McCalmon suspends campaign and endorses Ostrelich in race for 44th state senate seat

Thearse McCalmon steps away from the podium, with Michelle Ostrelich in the background, during a press event on Friday outside the Schenectady County Board of Elections where McCalmon suspended her campaign for the 44th State Senate District, endorsing fellow Democrat Ostrelich.
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Thearse McCalmon steps away from the podium, with Michelle Ostrelich in the background, during a press event on Friday outside the Schenectady County Board of Elections where McCalmon suspended her campaign for the 44th State Senate District, endorsing fellow Democrat Ostrelich.

NEWS Democrat Thearse McCalmon on Friday suspended her campaign for the New York State Senate’s 44th District, formally endorsing fellow Democrat Michelle Ostrelich while citing the need for unity.

In a joint appearance with Ostrelich outside the Schenectady County Board of Elections, McCalmon said her decision to support Ostrelich stands in contrast to the race’s Republican primary, which features sitting State Senators James Tedisco and Daphne Jordan locked in a fierce and personal battle.

“We are watching the drama happening within the Republican party with Tedisco and Jordan, and as entertaining as it may be to some, it is an embarrassment to me,” said McCalmon, who lives in Schenectady. “We are already living in fractured, uncertain times. Unity is a necessity.”

The newly redrawn 44th district includes all of Saratoga County as well the city of Schenectady and the town of Niskayuna in Schenectady County.

Ostrelich, of Niskayuna, has served on the Schenectady County Legislature since 2019. In 2018, she lost by more than 20,000 votes in a race against Tedisco for the state senate’s 49th seat. While she won that race’s Schenectady County vote by fewer than 1,000 votes, she lost that race’s Saratoga County vote by more than 10,000.

Tedisco, of Glenville, decided to challenge Jordan, of Halfmoon, in the newly redrawn 44th district this year, instead of setting up a general election campaign against longtime Democratic State Senator Neil Breslin in the redrawn 46th district, in which Tedisco currently resides.

Ostrelich said she will be campaigning on issues ranging from women’s rights to infrastructure to the environment.

“Keeping the New York State Senate Democratically led will move all of that forward for the folks in our district, and for all of New York State,” Ostrelich said.

In statements, both Republican candidates wished their opponents well but railed against state Democrats.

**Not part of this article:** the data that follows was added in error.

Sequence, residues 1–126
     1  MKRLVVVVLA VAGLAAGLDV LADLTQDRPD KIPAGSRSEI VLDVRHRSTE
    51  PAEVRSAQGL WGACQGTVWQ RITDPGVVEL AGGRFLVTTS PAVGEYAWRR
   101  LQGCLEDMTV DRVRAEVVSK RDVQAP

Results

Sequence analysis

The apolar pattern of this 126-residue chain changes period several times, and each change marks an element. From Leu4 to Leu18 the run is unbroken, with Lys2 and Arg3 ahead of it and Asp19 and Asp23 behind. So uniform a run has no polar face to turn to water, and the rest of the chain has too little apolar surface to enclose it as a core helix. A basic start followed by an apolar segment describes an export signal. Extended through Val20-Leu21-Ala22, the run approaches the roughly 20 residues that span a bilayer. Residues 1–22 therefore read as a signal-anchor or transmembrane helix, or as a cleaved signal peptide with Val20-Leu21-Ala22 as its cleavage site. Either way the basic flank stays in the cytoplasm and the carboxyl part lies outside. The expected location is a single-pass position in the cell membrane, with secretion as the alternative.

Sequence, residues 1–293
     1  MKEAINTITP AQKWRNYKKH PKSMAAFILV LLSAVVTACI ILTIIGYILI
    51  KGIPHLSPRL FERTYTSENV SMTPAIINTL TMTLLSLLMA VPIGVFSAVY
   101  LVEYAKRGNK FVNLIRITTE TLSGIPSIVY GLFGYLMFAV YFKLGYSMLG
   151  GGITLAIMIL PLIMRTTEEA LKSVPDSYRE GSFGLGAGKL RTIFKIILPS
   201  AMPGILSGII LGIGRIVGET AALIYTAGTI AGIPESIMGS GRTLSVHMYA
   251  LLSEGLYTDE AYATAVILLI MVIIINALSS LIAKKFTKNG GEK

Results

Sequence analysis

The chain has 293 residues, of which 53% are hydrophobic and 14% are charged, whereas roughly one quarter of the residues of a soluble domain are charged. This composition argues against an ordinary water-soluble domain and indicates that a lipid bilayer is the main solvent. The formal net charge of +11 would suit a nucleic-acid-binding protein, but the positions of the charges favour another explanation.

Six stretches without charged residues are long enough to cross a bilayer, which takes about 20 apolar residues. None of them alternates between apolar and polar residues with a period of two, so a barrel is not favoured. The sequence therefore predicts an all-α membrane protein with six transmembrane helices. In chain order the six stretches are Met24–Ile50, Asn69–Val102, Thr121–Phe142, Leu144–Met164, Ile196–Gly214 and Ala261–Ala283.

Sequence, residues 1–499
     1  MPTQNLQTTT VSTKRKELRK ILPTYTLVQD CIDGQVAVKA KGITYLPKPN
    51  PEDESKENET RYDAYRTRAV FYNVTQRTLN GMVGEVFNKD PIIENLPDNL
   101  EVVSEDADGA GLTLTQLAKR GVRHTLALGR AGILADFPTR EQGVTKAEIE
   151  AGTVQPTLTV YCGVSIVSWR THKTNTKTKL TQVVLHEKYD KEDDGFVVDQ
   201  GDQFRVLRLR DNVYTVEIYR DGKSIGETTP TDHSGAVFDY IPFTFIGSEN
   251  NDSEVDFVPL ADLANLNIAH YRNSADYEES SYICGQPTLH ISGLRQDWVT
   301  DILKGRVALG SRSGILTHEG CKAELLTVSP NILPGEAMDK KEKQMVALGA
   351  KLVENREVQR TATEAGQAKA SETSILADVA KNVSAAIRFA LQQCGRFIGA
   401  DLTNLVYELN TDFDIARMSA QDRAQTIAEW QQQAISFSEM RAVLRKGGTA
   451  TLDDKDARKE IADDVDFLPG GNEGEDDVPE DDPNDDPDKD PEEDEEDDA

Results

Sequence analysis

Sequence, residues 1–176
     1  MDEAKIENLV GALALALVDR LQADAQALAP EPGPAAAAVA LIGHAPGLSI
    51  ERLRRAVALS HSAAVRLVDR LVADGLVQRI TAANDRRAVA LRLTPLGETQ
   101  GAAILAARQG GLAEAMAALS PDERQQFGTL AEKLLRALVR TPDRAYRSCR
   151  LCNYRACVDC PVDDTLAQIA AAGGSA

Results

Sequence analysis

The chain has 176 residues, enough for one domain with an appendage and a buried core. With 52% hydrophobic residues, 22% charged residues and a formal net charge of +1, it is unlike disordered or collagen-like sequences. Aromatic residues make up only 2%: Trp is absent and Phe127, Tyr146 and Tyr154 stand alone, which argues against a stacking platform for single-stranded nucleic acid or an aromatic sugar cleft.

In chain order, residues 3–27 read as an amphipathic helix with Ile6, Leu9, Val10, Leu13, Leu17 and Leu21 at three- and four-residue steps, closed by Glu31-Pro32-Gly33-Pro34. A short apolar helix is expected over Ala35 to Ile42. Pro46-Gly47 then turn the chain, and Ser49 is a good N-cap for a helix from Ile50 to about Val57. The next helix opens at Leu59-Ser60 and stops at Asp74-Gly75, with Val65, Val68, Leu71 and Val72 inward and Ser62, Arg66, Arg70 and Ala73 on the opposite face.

“I guess the good news is that now there’s one less Democratic (candidate) running for the state senate. The bad news for voters is that it’s Michelle Ostrelich, who’d be another rubber stamp for the senate Democratic majority’s failed radical, socialist agenda,” Jordan said in a statement.

Tedisco said: “Today’s news underscores what I’ve been saying–this is a highly competitive purple senate district, and I am the best candidate to stand up to the one-party total domination of state government by the Democratic socialist progressives.”

Ostrelich is an experienced and inclusive candidate, said McCalmon.

“She has been a great asset to have in the Schenectady County Legislature and has been a great support to others who want to get involved in the community or in politics,” McCalmon said. “I fully respect her and appreciate everything she has done and wants to do for Schenectady and Saratoga.”

Ostrelich also on Friday received the support of former Saratoga Springs Mayor Joanne Yepsen, who appeared at the press conference.

“(The voters) are craving strong leadership, they are craving unity. They don’t want the infighting that’s happening on the Republican side,” Yepsen said. “Michelle understands Saratoga County as well as Schenectady County.”

McCalmon, who is a community advocate who is open about her family’s experience dealing with homelessness nearly two decades ago, currently works as an instructor at Capital Region BOCES. She has run unsuccessfully for mayor in Schenectady and for state senate–losing a 2020 race to Tedisco–but she did not rule out future political ambitions.

“You don’t always have to hold office to be effective,” McCalmon said Friday. “I may run again, who knows. We’ll see.”

Andrew Waite can be reached at [email protected] and at 518-417-9338. Follow him on Twitter @UpstateWaite.

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